Asking questions before surgery can lead to happier results
07/03/2012 12:00 AM
07/02/2012 10:13 PM
Q. I have a very simple question: Do you think I will be happy with my plastic surgery?
A: While your question sounds simple, it’s probably one of the most complicated questions I get. I have sleepless nights thinking of that answer every time I see a new patient who wants plastic surgery. So the way I approach this question is to ask myself, “What can make this patient not be happy with their plastic surgery?’’
Any Facial plastic or Plastic surgeon will tell you, one unhappy patient drowns out the accolades from 100 happy patients, so the incentive to have happy patients is high.
Major factors can affect a patient’s happiness, including a patient’s expectations, life events, expectations of friends and family and quite frankly, whether the patient is a positive person or not. To be a successful surgeon you have to pick patients with whom you can have success. Some patients will be ecstatic with their results that another patient will consider a total failure.
The “art” of medicine is found in the experience and ability of the surgeon to conduct a thorough interview of the potential patient (and you thought you were the one who was interviewing the doctor!) Time spent upfront discussing the patient’s wishes and motivation for surgery is time well spent.
Factors that should be considered when potentially picking a patient to have surgery include where the patient is in his or her life. Are they involved in a good relationship (a major factor in having a happy patient)? Are they getting divorced, changing partners and or happy to be alone at last?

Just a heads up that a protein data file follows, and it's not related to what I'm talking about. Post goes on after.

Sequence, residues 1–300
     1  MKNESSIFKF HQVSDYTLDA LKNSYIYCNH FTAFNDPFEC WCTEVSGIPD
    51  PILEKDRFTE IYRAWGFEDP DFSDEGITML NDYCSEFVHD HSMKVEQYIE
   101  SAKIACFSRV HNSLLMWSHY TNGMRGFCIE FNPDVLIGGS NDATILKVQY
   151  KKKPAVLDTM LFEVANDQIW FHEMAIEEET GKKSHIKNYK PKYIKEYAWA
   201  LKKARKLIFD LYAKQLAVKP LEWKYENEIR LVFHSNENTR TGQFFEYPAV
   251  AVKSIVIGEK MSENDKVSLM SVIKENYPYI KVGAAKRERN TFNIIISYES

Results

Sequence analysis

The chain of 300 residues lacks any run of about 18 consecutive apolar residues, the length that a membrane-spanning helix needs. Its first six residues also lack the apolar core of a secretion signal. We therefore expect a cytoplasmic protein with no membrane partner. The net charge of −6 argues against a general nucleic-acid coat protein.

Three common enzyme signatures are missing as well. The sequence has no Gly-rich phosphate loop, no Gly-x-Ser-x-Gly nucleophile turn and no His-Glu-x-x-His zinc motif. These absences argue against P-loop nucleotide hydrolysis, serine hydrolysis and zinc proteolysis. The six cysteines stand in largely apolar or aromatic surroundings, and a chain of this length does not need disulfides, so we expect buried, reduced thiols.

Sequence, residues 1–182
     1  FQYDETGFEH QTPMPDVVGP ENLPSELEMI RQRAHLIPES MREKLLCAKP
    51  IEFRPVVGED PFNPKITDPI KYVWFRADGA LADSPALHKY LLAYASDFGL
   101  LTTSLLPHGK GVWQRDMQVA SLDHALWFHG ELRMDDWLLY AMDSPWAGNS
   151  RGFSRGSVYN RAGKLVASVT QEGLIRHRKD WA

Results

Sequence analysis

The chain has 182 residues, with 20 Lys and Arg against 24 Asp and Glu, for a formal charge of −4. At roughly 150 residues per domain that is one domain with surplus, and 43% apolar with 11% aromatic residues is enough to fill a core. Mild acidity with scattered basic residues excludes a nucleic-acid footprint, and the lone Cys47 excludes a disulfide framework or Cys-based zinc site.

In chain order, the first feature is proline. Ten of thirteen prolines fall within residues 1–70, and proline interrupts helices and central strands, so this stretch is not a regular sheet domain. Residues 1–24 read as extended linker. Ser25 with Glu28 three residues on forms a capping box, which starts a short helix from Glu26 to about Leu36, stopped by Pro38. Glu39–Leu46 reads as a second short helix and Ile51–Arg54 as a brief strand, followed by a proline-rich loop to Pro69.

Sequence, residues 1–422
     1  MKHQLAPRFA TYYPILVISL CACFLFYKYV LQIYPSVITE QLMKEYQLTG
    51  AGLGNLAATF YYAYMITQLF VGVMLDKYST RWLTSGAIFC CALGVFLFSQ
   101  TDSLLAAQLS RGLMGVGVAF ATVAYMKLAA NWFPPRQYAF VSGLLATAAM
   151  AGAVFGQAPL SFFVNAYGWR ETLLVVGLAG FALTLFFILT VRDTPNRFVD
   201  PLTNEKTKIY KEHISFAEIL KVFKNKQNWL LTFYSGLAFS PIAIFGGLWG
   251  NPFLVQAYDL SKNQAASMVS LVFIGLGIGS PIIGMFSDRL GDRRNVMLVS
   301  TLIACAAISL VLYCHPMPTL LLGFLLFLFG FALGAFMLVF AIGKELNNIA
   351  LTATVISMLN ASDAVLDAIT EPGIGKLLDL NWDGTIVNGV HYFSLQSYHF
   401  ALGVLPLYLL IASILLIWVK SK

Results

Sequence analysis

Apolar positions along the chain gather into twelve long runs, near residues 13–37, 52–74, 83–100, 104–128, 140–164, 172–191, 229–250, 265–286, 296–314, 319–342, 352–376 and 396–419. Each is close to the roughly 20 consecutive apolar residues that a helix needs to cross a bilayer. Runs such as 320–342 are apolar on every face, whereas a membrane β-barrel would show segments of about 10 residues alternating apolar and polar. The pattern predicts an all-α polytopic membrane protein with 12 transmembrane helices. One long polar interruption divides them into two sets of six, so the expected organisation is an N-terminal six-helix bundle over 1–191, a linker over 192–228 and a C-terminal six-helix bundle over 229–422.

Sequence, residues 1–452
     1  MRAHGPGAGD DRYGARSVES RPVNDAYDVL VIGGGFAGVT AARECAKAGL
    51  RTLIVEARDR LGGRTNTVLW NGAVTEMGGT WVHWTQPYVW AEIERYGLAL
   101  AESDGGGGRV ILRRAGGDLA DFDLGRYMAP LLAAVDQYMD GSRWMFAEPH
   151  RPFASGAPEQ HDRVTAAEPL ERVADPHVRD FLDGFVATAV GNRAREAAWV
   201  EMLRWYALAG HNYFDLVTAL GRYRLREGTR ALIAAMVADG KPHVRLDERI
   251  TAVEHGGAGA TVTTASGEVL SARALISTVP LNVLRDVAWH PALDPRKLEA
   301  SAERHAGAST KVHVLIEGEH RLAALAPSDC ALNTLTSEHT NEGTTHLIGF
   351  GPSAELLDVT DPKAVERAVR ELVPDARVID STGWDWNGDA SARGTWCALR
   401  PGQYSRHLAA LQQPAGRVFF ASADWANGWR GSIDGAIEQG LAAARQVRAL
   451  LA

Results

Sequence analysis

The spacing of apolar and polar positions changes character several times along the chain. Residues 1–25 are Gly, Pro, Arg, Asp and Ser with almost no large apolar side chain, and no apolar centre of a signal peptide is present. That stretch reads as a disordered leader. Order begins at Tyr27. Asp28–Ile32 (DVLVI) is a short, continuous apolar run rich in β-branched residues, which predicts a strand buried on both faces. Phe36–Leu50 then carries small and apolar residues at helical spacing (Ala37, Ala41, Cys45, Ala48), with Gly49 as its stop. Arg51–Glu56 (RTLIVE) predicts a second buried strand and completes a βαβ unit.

Timing for surgery is equally as important. I do not believe a patient should have major surgery during a major change in their lives. I like to put patient in a plastic surgery “time out” so they can make a more rational decision. The “time out” includes non-invasive procedures that will enhance their look and make them feel better such as Dysport, Botox, Restylane and Juvederm.
One factor that sometimes cannot easily be determined is the patient’s jealous friends. Often I will have patients who are very happy with their surgery, only to come in at six months because of dissatisfaction. My first question usually is, “Which one of your friends said that to you?” They usually laugh and realize what had happened. (If there were a problem, I would address it.)
You should be happy with your surgery if you do the following: Do your homework and pick a surgeon who does a lot of the procedures you are seeking. Talk with the surgeon and ask as many questions as you need. Ask to see pictures of the procedure you are about to have. Discuss the risks and benefits of your procedure. And make sure you like your doctor before you have surgery as your relationship can only get worse if you are not happy with your results.
About Dr. Carlos Wolf
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